Let me explain something here. This “Triassic kraken” has not been found; no fossils, no remains at all, no evidence of its existence. It is postulated to have been large enough to hunt and kill ichthyosaurs, which is remarkable—comparison to modern giant squid is invalid, since they are prey, not predator. This fossil bed is being over-interpreted as a trace fossil, with the bones arranged by intent, by an intelligent cephalopod, which they have not seen. Furthermore, a line of discs is being seen as a picture of a cephalopod tentacle, classic pareidolia. This is trivial: dump a pile of Necco wafers on a table, and I’ll see a picture of squid suckers. This is a whole series of tenuous and unlikely speculations stacked together to make an ultimately ridiculous hypothesis.

After I read the abstract and realization settled in that this was nonsense, something else was nagging me. That name, McMenamin — I’d heard it somewhere before. A little search, and there it was: I’ve encountered him tangentially before. He’s the geologist who so effulgently endorsed the imaginative pattern-spotting of Stuart Pivar. He also claims “that mariners of ancient Carthage made it to America long before Eriksson and Columbus, some time around 350 BC.”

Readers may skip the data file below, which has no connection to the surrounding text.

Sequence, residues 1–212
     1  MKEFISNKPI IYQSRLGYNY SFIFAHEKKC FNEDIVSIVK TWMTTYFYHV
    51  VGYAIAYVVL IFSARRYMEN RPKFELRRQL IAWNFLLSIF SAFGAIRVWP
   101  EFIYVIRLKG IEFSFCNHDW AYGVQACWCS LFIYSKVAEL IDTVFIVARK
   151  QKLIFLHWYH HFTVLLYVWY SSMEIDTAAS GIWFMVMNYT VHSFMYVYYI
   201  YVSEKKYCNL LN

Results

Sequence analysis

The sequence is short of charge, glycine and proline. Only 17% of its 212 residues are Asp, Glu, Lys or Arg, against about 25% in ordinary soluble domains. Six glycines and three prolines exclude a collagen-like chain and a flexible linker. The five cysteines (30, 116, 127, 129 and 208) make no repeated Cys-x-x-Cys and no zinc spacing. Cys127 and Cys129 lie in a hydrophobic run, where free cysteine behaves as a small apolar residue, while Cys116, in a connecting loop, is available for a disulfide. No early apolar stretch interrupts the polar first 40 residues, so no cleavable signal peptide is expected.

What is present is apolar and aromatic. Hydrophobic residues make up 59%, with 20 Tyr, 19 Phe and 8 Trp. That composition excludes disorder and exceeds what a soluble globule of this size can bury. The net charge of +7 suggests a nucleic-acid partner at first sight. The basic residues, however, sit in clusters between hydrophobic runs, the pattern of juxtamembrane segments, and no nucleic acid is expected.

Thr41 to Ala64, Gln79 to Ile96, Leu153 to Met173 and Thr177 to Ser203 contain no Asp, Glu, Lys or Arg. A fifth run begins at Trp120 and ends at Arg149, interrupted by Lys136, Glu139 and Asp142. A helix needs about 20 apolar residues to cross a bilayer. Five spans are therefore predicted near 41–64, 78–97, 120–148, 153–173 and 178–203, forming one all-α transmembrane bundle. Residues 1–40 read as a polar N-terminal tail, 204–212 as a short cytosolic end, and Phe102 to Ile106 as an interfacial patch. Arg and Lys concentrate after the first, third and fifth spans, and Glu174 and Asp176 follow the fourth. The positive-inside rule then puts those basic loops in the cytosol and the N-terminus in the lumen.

I think I would concur with the idea that Mark McMenamin is exceptionally imaginative.

(Also on FtB)

Bob Enyart and Will Duffy, partners in idiocy

We’ve got another chittering weasel of a creationist raving in the comments, a fellow going by the name YesYouNeedJesus. He’s also sending me email.